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A participle is a form of a verb that combines with an auxiliary verb to indicate certain tenses.

The present participle is formed by adding "-ing" to the infinitive and it indicates an acton happening in the present, such as: “The girl is swimming” or “I am thinking.”

The past participle usually ends in "-ed" (for regular verbs) and it indicates a completed or past action: “The shop was closed" or "The teacher had spoken."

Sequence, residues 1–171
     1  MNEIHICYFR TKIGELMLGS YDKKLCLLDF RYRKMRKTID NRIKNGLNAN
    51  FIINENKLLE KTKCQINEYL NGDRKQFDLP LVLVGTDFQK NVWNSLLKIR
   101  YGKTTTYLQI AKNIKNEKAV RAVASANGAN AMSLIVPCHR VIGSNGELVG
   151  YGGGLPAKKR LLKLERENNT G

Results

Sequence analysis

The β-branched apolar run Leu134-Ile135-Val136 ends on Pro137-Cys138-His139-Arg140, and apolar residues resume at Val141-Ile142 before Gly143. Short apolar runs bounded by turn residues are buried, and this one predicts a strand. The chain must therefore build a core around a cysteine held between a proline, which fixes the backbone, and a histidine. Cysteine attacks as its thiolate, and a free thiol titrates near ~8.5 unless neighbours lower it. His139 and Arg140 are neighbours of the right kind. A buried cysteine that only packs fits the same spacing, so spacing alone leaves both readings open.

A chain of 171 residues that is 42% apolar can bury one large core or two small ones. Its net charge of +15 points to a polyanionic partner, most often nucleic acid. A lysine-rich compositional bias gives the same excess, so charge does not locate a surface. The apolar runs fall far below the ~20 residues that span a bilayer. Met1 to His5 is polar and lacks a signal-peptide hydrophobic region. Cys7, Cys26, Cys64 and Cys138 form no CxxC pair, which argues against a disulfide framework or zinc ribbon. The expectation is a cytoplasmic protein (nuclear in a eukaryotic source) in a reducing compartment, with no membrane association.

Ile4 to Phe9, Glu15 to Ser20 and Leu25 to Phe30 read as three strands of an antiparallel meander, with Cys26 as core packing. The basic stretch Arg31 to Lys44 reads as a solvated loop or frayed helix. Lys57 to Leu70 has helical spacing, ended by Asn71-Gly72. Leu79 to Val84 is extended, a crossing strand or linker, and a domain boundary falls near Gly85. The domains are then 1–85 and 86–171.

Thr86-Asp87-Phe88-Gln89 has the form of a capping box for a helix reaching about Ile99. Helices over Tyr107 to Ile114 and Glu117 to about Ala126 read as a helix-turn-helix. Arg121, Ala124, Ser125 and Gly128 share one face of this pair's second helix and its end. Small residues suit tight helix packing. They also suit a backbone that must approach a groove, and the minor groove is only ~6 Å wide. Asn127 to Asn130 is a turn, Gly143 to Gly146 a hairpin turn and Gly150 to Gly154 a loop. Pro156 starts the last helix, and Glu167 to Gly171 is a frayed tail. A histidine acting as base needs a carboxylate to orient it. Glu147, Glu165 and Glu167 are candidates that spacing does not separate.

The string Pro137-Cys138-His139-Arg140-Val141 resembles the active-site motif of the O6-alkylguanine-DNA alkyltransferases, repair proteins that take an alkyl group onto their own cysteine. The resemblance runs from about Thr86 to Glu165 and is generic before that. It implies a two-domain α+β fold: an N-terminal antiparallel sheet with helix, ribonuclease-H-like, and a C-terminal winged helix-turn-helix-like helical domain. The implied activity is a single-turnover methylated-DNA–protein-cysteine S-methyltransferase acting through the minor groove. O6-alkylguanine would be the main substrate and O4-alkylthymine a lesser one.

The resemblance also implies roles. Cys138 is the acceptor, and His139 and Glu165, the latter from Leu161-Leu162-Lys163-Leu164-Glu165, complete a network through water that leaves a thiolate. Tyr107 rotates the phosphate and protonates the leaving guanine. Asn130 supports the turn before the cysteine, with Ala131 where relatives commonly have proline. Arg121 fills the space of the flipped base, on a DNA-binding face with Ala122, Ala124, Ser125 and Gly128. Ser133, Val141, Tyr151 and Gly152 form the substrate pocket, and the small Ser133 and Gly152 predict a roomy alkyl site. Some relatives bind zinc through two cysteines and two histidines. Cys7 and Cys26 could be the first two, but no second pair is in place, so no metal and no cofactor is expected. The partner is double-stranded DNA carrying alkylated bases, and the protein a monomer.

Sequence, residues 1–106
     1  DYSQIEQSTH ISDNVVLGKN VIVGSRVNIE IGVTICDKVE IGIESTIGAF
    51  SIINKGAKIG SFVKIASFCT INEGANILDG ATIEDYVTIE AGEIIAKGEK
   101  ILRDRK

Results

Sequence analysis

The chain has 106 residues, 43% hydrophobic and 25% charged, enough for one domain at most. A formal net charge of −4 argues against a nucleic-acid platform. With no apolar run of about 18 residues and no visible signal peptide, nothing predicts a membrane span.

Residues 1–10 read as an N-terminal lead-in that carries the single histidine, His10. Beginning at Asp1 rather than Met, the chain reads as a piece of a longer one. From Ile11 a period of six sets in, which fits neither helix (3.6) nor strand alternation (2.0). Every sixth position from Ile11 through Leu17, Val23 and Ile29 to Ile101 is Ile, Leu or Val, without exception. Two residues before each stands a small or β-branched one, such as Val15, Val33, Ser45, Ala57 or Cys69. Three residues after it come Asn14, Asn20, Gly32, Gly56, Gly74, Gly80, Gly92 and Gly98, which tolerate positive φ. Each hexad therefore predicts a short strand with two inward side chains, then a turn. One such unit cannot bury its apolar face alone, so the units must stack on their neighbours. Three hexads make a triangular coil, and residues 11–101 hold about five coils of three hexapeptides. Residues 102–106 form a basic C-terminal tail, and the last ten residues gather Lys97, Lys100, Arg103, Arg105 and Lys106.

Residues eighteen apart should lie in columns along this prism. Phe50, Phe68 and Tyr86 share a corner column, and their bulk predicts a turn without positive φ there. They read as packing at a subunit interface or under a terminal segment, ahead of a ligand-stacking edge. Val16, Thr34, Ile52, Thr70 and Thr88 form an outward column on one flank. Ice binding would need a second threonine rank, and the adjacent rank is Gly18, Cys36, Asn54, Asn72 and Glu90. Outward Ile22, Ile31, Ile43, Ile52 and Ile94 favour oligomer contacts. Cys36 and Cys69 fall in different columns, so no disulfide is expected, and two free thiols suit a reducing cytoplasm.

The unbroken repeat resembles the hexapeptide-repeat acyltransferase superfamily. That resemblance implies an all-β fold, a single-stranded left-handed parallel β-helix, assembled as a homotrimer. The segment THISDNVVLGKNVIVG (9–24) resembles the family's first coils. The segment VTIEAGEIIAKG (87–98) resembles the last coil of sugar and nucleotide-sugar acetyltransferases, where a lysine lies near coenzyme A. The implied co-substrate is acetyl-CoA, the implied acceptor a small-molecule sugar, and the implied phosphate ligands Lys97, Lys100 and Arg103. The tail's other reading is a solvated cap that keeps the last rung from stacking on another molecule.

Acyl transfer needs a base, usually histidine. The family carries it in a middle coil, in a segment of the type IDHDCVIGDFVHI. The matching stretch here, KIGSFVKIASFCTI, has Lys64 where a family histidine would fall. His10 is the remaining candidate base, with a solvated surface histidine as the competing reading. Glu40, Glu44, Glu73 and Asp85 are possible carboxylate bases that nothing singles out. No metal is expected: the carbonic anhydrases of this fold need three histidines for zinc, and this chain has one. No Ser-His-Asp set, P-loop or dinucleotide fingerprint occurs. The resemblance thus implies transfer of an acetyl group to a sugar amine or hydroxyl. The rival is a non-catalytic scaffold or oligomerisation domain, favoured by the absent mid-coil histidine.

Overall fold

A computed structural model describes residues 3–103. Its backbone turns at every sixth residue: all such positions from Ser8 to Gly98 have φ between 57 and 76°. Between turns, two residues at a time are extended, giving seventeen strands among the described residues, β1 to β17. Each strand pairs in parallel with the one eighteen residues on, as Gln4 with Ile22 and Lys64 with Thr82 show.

Participles may also function as adjectives, such as, “Your girlfriend is a charming person.”

A dangling participle is one that is not clearly connected to the word that it modifies, for example: “Standing at the corner, two children walked past me.” This is clumsy grammar and should be avoided as it can give the impression that the children walked past you while they were standing at the corner.

A better way to say this would be, “While I was standing at the corner, two children walked past me.”